How do you decide what to call a variable? Many conflicting constraints come to bear on this question. I want to communicate my intent fully through my names, which often suggests long names. I’d like the names to be short to simplify code formatting. Names will be read many times for each time they are typed, so the names should be optimized for readability, not ease of typing. Both the way the data in the variable is used and the role that data plays in the computation need to be expressed.
There are several pieces of information I need when I am trying to understand a variable. What is its purpose in the computation? How is the object referred to by the variable used? What is the scope and lifetime of the variable? How widely is the variable referenced?
Many variable naming schemes include type information in the names. Mine doesn’t. What is the point of telling the compiler the types of variables over and over if I have to turn around and embed that same information again in the variable names? I can see including type information in variable names in languages that don’t do much to prevent type errors, like C. Java provides ample support for avoiding type errors.
If I want to know the type of one of my variables, my IDE gives me quick feedback about it. Using short, composed methods also provides a quick reference to the most commonly used variables, locals and parameters.
Another facet of variables that readers need to understand is the scope of variables. Some variable naming practices encode the scope as a prefix to the name so
fCount is a field and
lCount is a local. Again, by composing relatively short methods I find that I am seldom confused by the scope of a variable. If I can’t see a declaration of the variable here in this method, it is most likely a field (I use other techniques to avoid most static fields).
This leaves the role of the variable as the primary piece of information I try to communicate with my variable names, generally leading to short, clear names. If I have to struggle to find a name, it is generally because I don’t understand the computation very well.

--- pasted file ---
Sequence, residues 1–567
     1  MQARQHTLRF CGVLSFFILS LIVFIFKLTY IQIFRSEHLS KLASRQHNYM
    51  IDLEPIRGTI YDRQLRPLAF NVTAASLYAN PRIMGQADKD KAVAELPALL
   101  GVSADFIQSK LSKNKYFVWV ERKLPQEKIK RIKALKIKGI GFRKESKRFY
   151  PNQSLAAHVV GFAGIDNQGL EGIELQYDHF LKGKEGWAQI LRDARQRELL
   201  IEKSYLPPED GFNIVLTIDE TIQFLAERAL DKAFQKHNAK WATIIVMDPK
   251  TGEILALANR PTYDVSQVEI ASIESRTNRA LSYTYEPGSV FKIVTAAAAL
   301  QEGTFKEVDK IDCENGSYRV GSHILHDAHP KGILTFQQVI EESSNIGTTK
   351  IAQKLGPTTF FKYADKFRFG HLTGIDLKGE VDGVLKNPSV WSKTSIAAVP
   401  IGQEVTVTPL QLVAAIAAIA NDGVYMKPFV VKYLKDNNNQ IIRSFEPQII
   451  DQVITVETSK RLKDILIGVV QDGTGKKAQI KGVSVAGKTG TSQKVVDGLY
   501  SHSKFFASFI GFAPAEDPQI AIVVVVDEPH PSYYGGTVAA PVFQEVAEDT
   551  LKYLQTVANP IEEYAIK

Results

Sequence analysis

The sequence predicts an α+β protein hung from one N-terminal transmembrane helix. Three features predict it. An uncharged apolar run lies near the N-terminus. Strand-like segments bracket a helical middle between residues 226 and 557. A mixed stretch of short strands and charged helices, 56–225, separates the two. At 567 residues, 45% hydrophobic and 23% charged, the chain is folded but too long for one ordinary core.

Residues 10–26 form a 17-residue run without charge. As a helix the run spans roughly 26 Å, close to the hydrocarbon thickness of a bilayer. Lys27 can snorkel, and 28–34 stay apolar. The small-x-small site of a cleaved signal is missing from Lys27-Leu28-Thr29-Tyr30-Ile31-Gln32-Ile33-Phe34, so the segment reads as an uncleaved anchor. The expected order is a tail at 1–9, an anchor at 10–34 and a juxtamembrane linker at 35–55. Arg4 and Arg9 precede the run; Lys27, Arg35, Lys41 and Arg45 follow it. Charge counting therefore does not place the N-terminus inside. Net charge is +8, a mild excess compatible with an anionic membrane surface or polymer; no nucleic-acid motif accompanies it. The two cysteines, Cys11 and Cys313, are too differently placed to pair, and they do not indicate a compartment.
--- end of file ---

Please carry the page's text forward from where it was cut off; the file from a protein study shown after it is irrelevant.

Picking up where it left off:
There are a few variable names that recur in my code:
- result — stores the object that will be returned from a function
- each — stores the individual elements of a collection while iterating (although I am becoming fond of using the singular form of the collection’s name, for example for (
Node child: getChildren())).
- count — stores counts
If I have multiple variables that I would like to give the same name, I qualify the name:
I am sometimes tempted to abbreviate words in variable names. This optimizes typing at the expense of reading. Since variables are read many times for each time they are written, this is a false economy. Sometimes I am tempted to use several words for a variable, which makes the variable too long for comfortable typing. When this happens I look at the surrounding context. Why do I need so many words to distinguish this variable’s role from the role of other variables? Often this leads me to simplify the design, allowing me to again write short variable names in good conscience.
To summarize, I communicate the role a variable plays through its name. Everything else important about the variable—its lifetime, scope, and type—can generally be communicated through context.
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